Acknowledgement requests

By default, acknowledgements are not requested for telemetry data (sent via Bosch IoT Hub). This makes it easy for your devices to send e.g. sensor readings, where the loss of one value is not crucial for your IoT application.

However, if your IoT solution needs to listen for a specific event, you might want to trace this delivery.

The twin events, live commands and live messages emitted by Things can include the custom acknowledgement requests in the “requested-acks” header.

This “requested-acks” header can be applied by setting it to an initial request to one of the Things APIs.

The following acknowledgements can be used:

  • Built-in acknowledgement: twin-persisted
    An acknowledgement with this label is issued, when a modifying command has successfully updated the digital twin in the Things service persistence.
  • Built-in acknowledgement: live-response
    An acknowledgement with this label is issued, when the response to a live command or live message is received.
  • Custom acknowledgement labels: you-name-it
    In addition to the built-in acknowledgement requests, a received command or message can contain custom acknowledgement labels. A subscriber can detect that an acknowledgement was requested via the “requested-acks” header. If the subscriber is in charge of handling a requested acknowledgement it issues the acknowledgement.

By default, a twin-modifying command requests the twin-persisted acknowledgement, and a live command or live message requests the live-response acknowledgement.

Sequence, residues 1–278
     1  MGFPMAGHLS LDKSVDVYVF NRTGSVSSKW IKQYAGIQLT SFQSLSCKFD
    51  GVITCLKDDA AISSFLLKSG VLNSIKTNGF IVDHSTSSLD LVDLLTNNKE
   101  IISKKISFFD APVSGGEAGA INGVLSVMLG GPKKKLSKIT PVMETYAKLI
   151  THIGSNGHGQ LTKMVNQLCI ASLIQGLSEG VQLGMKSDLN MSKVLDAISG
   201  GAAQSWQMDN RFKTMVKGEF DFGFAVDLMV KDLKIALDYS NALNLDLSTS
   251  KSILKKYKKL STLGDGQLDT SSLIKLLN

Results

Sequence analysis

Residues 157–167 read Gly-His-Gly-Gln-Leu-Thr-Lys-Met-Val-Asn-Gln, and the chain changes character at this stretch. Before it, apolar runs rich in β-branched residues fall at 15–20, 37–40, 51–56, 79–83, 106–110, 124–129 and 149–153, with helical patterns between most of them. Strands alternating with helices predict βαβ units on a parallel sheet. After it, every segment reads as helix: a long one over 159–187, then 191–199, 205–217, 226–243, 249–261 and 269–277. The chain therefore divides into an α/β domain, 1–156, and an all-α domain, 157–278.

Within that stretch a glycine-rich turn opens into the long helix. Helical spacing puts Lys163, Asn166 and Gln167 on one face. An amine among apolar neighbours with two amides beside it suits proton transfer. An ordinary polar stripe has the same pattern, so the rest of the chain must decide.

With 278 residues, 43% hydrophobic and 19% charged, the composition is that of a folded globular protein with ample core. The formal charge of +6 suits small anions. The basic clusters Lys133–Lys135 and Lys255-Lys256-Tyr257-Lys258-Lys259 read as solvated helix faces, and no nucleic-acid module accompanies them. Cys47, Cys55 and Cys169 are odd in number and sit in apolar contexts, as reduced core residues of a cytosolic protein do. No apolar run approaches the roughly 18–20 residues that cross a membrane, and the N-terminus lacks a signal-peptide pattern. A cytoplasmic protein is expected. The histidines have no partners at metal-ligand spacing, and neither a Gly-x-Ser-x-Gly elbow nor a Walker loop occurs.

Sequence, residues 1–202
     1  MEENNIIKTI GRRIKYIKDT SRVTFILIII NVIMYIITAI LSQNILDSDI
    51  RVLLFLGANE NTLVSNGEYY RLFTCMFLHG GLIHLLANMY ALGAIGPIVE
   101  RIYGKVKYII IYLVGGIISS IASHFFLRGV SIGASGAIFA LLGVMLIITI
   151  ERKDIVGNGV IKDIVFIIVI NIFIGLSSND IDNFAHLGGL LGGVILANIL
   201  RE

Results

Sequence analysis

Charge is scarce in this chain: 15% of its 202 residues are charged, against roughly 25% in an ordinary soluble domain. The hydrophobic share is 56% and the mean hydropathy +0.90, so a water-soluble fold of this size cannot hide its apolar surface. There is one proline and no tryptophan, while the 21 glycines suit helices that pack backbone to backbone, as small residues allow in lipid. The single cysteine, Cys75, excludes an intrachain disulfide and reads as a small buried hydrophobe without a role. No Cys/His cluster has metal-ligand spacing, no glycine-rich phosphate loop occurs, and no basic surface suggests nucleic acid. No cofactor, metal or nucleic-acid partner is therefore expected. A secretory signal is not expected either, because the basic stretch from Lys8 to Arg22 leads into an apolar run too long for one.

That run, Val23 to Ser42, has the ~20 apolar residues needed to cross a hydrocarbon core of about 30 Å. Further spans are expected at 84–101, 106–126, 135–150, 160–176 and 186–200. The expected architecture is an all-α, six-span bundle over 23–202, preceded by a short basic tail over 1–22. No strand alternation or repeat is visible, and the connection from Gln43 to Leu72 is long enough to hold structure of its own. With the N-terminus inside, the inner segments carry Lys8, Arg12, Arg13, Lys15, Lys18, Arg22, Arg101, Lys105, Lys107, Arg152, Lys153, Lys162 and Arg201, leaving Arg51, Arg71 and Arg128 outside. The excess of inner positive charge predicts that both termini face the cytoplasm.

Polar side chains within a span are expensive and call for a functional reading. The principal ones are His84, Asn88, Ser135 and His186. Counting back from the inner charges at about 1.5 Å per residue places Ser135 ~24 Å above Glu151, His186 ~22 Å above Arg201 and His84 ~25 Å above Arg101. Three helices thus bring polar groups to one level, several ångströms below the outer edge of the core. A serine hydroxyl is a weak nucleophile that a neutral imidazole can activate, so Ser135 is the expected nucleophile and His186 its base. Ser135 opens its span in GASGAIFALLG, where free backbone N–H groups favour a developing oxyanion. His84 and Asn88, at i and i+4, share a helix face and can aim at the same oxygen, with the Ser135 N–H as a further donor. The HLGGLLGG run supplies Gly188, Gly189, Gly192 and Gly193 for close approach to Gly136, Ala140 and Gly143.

Redelivery

In case of a NACK, the Bosch IoT Hub will try to redeliver all requests.

note If you send live commands via Bosch IoT Hub to subscribers that do not answer with live responses, please set the header response-required explicitly to false, or disable acknowledgements for the Bosch IoT Hub connection. Otherwise, the connection will consider the default acknowledgement live-response unfulfilled, and will therfore request redelivery from Bosch IoT Hub over and over again.

Redelivery is not idempotent

If you enforce the re-delivery of a twin modify command, e.g. by requesting an ACK, it might happen that this value is enforced even though a more recent command has been applied already. However, to avoid such situations, you can additionally work with conditional-requests.

Configuration via Connection

At the Things dashboard > tab Connections/Integrations you can configure your connection sources respectively and define a filter for which messages the new “requested-acks” header should be applied.

In the configuration of your connections targets an acknowledgement to be issued to the requested acknowledgements can be specified.

Of course, the HTTP API for /solutions/{solutionId}/connections provides the same functionality.

Further info

Find further details related to requesting and issuing acknowledgements via HTTP, WebSocket and persistent connections at Eclipse Ditto.

tip The protocol specification for acknowledgements as well as examples for AMQP, MQTT, HTTP, and Kafka are also part of the Eclipse Ditto documentation.